Treatment of Chronic Nightmares Using Progressive Relaxation Training
Anxiety, Nightmares, Relaxation--Technique, Sleep disorders
This study investigated the effects of progressive muscle relatxation on the frequency of, and the anxiety associated with, chronic nightmares. Three females diagnosed as suffering from an anxiety disorder and who experienced at least two nightmares per week served as subjects. Treatments consisted of practicing progressive relaxation trainig twice daily with the assistance of a tape-recorded exercise. The first practice occurred prior to 3:00 p.m. and the second practice occurred before retiring at night. Subjects recorded nightmare frequency, intensity, and theme on the Daily Nightmare Questionnaire (DNQ). In addition, nightmare-associated anxiety was measured daily with the State Trait Anxiety Inventory (STAI). Both DNQ and STAI data were collected daily via the telephone. The study utilized a multiple baseline strategy across subjects, and all subjects showed a decline in both nightmare frequency and state and trait anxiety levels. A mean reduction of .96 nightmares per week resulted. This study demonstrated that a basic relaxation exercise, which does not address possible intrapsychic variables, was effective in nightmare reduction through a reduction in levels of anxiety.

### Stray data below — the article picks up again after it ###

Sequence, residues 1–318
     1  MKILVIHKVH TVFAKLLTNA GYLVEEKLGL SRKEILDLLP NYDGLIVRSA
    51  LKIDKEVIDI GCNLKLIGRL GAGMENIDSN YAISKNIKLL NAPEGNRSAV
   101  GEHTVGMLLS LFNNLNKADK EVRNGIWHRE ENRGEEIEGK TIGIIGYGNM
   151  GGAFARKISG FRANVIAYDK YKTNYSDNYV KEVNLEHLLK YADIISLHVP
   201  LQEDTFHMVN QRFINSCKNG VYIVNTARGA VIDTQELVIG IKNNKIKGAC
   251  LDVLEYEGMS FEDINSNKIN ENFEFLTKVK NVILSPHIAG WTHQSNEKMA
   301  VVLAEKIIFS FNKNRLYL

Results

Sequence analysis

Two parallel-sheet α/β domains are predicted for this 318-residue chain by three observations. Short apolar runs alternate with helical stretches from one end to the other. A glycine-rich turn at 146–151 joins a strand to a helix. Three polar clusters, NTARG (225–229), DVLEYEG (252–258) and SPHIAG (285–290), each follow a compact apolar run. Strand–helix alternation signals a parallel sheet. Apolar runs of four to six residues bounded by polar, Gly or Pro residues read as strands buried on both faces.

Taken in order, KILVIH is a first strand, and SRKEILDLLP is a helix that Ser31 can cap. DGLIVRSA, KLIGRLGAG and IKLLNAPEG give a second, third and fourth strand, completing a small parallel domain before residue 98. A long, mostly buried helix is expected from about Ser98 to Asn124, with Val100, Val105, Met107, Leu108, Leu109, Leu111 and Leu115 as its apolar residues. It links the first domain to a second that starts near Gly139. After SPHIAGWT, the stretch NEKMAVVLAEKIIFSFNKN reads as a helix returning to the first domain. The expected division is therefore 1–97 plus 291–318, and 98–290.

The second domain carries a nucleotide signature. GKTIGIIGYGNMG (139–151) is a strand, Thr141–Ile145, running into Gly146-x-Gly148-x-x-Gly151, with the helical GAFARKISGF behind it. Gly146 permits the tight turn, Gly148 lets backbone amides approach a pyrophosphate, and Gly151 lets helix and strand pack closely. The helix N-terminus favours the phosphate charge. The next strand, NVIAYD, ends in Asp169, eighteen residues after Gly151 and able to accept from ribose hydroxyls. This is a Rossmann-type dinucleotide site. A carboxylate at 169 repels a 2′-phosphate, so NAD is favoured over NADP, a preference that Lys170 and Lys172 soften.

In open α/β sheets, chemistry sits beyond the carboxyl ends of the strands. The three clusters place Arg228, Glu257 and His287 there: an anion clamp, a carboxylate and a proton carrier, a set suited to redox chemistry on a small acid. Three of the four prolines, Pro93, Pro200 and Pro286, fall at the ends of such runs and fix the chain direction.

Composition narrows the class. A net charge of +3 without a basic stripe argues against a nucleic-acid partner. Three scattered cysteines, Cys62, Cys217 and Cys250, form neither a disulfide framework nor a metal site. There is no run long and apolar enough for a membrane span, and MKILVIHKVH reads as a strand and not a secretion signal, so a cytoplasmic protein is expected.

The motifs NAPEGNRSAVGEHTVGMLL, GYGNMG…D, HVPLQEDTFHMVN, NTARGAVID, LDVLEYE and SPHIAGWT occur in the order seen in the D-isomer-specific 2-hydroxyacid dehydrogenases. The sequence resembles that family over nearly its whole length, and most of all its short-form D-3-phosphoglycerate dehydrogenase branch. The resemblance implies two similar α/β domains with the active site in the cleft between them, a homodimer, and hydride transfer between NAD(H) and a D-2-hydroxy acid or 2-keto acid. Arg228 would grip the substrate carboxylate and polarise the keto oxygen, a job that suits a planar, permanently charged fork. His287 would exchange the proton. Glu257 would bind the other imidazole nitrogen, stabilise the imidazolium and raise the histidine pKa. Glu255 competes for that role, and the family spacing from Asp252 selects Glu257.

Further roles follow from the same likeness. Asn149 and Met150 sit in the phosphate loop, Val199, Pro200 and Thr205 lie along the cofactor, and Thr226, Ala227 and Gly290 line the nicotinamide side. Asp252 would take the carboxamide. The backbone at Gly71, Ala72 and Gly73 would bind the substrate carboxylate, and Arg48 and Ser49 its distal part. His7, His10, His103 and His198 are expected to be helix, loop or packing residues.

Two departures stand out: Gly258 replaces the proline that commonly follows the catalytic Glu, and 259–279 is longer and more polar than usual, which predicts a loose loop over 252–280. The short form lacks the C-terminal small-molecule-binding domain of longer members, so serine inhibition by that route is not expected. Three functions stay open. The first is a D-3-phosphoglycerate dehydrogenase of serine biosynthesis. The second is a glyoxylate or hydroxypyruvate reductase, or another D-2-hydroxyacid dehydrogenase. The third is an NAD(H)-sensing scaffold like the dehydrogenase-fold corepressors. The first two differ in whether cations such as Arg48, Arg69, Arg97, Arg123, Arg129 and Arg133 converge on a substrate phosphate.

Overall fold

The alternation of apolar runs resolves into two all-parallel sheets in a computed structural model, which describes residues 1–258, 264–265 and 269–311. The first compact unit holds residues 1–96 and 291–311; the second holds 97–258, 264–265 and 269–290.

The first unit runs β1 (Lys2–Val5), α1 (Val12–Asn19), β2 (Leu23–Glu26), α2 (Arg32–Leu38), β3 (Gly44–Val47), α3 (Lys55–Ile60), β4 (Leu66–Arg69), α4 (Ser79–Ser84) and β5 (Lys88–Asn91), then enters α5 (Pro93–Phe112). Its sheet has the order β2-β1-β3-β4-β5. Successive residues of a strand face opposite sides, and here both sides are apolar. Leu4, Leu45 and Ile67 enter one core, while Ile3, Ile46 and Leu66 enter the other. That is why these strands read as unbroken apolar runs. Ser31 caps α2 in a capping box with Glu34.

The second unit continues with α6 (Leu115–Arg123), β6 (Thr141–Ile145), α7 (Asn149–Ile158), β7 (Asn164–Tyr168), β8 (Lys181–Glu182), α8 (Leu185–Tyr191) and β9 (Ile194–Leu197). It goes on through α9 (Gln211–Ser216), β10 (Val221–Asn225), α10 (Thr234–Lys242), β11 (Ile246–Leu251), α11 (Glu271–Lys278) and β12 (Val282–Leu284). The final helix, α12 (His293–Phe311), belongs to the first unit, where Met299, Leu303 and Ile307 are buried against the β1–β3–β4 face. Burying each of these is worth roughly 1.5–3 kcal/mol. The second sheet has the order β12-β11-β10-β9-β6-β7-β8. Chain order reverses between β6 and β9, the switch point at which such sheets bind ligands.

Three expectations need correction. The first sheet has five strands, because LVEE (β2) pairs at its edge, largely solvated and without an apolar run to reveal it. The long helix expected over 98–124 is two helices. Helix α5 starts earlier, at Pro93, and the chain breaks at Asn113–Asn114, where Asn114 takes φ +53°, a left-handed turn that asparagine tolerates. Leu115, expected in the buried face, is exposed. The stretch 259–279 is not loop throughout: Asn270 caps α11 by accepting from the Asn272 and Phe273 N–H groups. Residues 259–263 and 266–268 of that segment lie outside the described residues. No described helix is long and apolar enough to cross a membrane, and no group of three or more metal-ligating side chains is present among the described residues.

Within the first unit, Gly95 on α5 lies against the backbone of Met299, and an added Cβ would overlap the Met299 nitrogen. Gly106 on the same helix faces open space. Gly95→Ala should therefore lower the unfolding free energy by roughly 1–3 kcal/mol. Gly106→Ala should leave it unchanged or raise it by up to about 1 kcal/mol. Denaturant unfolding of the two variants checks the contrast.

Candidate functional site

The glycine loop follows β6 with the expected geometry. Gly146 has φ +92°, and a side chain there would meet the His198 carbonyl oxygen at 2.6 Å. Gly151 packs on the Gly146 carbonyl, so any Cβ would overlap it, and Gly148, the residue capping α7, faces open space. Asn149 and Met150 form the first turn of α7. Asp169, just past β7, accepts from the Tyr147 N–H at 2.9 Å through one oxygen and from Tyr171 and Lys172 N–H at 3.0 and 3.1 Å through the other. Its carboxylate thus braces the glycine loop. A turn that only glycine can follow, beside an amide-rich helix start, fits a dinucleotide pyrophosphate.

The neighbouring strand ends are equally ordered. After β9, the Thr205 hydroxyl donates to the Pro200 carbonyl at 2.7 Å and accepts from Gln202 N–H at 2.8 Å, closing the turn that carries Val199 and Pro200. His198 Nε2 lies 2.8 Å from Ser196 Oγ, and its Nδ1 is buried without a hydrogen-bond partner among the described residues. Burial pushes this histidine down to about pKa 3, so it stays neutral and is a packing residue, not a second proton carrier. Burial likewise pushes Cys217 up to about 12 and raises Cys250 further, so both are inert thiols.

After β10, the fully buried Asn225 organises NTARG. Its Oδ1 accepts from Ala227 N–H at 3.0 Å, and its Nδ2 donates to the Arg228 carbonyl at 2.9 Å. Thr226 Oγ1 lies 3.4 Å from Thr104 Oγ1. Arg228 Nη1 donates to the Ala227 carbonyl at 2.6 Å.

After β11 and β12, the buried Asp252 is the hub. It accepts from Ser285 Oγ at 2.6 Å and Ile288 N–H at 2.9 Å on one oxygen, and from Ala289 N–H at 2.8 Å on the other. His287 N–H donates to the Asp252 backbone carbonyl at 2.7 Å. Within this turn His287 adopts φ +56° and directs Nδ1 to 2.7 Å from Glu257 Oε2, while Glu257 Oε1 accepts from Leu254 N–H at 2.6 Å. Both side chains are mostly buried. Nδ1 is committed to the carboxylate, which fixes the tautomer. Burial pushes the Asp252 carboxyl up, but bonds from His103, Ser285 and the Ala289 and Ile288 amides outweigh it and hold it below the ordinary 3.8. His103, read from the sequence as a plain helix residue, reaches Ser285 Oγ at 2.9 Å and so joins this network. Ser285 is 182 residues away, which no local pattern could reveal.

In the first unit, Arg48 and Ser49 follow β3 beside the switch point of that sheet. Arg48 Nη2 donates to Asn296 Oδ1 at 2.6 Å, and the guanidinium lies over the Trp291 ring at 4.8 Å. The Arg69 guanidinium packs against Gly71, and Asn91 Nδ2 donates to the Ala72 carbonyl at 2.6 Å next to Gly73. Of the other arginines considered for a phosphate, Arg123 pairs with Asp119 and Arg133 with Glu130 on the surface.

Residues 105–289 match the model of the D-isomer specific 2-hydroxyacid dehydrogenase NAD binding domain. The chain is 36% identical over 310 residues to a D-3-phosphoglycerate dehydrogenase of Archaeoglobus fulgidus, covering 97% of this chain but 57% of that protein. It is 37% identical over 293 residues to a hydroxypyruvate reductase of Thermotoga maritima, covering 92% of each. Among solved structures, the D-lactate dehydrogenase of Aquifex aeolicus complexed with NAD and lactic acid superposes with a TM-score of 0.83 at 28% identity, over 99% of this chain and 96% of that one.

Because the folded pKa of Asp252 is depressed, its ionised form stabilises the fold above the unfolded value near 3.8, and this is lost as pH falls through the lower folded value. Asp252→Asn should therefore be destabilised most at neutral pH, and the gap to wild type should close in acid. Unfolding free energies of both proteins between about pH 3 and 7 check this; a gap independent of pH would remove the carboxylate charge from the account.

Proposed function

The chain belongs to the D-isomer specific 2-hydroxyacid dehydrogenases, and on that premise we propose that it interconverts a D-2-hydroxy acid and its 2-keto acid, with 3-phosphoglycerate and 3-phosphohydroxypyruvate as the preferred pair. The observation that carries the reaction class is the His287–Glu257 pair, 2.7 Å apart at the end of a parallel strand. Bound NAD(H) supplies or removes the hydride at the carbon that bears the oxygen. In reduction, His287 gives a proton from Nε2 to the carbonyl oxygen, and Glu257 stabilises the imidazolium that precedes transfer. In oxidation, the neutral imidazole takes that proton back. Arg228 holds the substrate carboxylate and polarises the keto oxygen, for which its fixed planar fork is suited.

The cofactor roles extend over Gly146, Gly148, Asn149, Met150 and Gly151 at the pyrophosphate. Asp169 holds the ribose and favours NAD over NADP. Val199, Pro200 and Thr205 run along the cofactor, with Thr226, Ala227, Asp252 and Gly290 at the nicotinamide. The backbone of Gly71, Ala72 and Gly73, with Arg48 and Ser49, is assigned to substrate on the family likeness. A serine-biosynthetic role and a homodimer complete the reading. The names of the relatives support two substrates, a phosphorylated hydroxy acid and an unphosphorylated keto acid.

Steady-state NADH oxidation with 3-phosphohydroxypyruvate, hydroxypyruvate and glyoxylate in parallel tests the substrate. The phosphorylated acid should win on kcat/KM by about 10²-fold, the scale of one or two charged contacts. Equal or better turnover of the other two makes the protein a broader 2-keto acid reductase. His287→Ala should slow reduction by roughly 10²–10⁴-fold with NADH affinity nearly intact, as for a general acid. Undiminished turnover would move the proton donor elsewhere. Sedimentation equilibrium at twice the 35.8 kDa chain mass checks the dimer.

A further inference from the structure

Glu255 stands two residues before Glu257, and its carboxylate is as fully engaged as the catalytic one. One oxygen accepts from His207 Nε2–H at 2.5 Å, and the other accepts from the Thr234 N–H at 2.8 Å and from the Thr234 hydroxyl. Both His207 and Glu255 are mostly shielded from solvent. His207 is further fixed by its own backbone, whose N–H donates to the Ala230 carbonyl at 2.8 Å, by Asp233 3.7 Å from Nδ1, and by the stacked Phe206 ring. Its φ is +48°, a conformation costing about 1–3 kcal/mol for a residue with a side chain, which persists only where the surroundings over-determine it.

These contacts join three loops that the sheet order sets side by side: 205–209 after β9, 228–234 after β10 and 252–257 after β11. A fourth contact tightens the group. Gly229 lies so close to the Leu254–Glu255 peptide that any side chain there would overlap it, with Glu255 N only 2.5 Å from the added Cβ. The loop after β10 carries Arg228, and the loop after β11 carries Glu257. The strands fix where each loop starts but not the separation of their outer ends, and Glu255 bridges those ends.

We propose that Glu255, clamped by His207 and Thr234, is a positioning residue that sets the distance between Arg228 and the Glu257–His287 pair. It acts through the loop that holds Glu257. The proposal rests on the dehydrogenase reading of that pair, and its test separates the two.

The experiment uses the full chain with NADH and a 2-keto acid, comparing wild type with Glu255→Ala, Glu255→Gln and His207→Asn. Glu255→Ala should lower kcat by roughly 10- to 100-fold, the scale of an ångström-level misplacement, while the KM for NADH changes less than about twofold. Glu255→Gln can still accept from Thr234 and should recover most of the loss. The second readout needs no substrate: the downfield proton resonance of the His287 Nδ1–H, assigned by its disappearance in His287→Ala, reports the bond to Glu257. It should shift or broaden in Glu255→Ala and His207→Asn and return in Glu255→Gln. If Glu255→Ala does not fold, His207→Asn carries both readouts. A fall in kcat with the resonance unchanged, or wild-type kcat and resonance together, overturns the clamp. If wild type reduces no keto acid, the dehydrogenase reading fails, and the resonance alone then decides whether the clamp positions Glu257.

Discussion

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Jensen, Bernard J.
Master of Science (M.S.)
College of Arts and Sciences
Length of Campus-only Access
Masters Thesis (Open Access)
Trefonas, Jennifer R., "Treatment of Chronic Nightmares Using Progressive Relaxation Training" (1987). Retrospective Theses and Dissertations. 4987.